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AmadeusMozart 26th July 2012 01:17 AM

Gainclone with transformer input question
Honorable members, I've collected the parts for building the inverted gainclone with the LM1875; there was some cheap offering on eBay PCB and all parts. After the kit arrived I checked the layout and was not happy about one channel - some compromises in layout had been made and the output connection was running too close to the input connection for my liking. I decided to use only half of the board (with the proper layout) and get another board and use only that half of the board that has the proper layout part. This has the result that a) the layout is optimum and b) each has their own rectifier and DC smoothing resulting in less crossover issues.

This amplifier is going to be driven by a computer and I have had problems with another amplifier in the past with a groundloop which I never totally got rid off. I managed to score on eBay at an acceptable price (to me) some Beyerdynamic input transformers and want to use those to minimize hum and buzz.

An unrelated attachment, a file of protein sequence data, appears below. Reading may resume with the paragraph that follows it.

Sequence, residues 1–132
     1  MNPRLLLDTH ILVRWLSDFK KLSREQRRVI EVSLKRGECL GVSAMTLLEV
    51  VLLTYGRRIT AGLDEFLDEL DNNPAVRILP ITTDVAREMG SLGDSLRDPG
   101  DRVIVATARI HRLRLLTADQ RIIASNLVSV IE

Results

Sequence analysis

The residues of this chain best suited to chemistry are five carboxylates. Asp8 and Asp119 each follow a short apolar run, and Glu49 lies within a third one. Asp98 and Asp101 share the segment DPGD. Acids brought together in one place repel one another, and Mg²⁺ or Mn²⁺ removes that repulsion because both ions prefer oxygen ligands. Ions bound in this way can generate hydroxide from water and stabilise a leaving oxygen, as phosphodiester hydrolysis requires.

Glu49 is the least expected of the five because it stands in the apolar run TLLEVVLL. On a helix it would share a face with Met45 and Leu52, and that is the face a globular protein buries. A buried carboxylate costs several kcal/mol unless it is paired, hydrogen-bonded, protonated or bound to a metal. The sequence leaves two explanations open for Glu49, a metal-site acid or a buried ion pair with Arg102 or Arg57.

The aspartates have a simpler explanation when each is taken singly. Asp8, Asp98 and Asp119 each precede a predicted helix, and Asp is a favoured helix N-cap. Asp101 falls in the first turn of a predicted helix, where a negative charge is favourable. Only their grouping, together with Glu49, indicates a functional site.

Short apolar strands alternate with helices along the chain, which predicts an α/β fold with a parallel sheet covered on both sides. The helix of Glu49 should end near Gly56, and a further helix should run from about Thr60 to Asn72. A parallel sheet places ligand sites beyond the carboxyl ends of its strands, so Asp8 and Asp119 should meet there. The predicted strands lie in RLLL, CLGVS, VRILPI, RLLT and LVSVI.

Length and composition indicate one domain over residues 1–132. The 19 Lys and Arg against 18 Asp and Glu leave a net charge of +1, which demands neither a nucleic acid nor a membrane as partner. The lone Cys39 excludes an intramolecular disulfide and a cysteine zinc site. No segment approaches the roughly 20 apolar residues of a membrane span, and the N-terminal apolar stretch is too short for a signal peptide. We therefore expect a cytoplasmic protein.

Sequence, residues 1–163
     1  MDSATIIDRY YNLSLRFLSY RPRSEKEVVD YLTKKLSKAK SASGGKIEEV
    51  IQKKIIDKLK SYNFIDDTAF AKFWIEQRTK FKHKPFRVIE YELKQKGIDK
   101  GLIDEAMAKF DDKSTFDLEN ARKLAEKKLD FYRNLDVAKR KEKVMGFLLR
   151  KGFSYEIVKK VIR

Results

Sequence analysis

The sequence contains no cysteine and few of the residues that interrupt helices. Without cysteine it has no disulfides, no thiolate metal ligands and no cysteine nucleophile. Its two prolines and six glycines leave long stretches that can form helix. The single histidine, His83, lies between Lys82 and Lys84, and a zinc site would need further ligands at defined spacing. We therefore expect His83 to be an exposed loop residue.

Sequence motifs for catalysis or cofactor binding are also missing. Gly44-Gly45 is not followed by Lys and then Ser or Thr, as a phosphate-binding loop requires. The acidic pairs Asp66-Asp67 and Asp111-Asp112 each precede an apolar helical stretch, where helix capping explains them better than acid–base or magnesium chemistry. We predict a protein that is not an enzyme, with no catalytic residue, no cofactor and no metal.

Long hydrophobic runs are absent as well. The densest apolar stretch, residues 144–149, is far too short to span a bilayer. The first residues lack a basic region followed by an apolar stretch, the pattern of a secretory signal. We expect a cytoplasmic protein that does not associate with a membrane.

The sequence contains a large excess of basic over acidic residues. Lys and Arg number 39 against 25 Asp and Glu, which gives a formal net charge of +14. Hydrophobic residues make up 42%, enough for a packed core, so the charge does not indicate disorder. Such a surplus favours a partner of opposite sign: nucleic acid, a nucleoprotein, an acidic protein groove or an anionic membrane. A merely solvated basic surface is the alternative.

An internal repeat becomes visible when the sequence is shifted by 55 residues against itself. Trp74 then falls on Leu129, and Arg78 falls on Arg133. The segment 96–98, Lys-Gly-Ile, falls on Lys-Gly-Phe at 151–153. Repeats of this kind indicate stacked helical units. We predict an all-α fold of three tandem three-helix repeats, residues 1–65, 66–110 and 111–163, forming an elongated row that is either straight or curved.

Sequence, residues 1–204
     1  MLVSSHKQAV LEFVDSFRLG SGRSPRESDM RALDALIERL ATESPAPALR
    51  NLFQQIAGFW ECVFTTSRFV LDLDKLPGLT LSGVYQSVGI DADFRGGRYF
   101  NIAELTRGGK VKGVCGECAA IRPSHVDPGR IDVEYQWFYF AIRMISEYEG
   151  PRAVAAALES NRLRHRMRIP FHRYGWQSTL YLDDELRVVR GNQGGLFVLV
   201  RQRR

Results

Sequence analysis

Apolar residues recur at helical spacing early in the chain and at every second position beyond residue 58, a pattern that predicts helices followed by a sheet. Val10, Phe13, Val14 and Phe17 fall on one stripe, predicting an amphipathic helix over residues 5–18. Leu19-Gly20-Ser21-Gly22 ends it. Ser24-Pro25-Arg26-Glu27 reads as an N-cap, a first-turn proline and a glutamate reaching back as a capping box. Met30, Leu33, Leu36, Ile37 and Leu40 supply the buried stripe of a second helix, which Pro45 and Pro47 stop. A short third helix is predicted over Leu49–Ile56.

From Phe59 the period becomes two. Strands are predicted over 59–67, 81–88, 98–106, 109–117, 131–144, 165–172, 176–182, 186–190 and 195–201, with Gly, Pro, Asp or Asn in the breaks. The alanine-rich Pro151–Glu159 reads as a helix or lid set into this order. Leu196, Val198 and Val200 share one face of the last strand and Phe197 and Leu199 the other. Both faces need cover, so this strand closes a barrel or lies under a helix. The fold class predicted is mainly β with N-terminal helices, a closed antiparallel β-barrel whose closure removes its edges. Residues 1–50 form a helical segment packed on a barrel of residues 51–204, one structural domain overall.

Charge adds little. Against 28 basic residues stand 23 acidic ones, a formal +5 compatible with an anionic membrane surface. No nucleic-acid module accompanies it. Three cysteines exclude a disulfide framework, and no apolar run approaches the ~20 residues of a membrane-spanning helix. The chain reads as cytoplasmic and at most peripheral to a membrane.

I'll be using a low impedance output from the computer (many soundcards seem to use the headphone output as the line output but I am not to concerned about that - the iPod and the Cowan D2+ are doing the same) and the transformer has a 1:5 ratio, input 200 ohm, secondary 5K.

1) Since the inverted gainclone has a feedback loop of 10K/220K does this mean the input impedance of the gainclone is 10K?
2) Do I need to put some loading resistor accross the secondary (e.g. 10K) to ensure the load is the same as the 5K output impedance?
3) input voltage from e.g. a CD player will be too much and the input impedance will be very low: can I just put a resistor in series with the primary to use that as an attenuator or do I need to put a resistor accross the primary in addition to the series resistor when I do this?
4) In light of question 3: Can I just swap the transformer around and use the scondary (5K) as input and the primary as output (200 Ohm), does it matter?

Many thanks in advance

Arty 26th July 2012 04:54 PM

use a good opamp as buffer, then most probably whatever input impedance will suit You.

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